#4 Game Warden

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Posted 06 October 2015 - 12:24 PM

@vikramghanekar Say hello to them all from Safaritalk. Jackson will remember me from Cape Town last year...

 

weare.jpg

 

(Photo courtesy and copyright of Beyond Luxury Media, We are Africa - www.weareafricatravel.com)

 

You could direct Jonathan Scott to read throught this topic on Safaritalk:

 

Cheetah Enters a Vehicle in Masai Mara

 

And then give his thoughts...

 


"Return to old watering holes for more than water; friends and dreams are there to meet you." - African proverb.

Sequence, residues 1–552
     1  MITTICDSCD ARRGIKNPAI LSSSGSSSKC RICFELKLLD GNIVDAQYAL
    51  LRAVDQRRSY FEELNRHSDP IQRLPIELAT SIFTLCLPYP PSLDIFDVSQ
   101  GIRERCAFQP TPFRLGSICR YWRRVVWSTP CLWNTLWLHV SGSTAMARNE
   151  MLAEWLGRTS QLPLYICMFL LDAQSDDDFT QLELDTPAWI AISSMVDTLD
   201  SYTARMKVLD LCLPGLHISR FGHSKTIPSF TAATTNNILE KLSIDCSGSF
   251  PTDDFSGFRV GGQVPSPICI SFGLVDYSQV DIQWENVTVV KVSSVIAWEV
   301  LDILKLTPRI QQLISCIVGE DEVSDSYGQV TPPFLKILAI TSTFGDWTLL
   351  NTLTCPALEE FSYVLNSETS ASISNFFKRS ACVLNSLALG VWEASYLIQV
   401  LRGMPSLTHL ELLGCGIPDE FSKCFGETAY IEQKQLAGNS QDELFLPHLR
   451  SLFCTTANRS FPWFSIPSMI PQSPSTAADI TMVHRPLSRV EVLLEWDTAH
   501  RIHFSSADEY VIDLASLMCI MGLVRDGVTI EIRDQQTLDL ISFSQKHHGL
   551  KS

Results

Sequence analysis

How to create your gallery album and upload images.

 

How to post images in the text.

Want to tag another member in a post? Use @ before their display name, eg @game warden


#5 PT123

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Posted 06 October 2015 - 08:41 PM

Jonathan Scott does a monthly or quarterly column in Safarilink's in flight min-magazine that is usually pretty interesting.

 

http://www.cre8ivedg...arilinkissue18/

 

Also, in each issue there is a contest to win a couple of nights at a different Kenyan safari or beach location.  It's worth entering, you never know if you will get lucky...we did a couple of years ago!



#6 COSMIC RHINO

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Posted 06 October 2015 - 10:33 PM

the few times I have seen their column it is simple and easy to understand  photographic advice


Wild Africa is in my blood. All life is sacred and interconnected. for the animals are fellow nations caught in the splendor and trevail of the earth.


#7 SaminKaz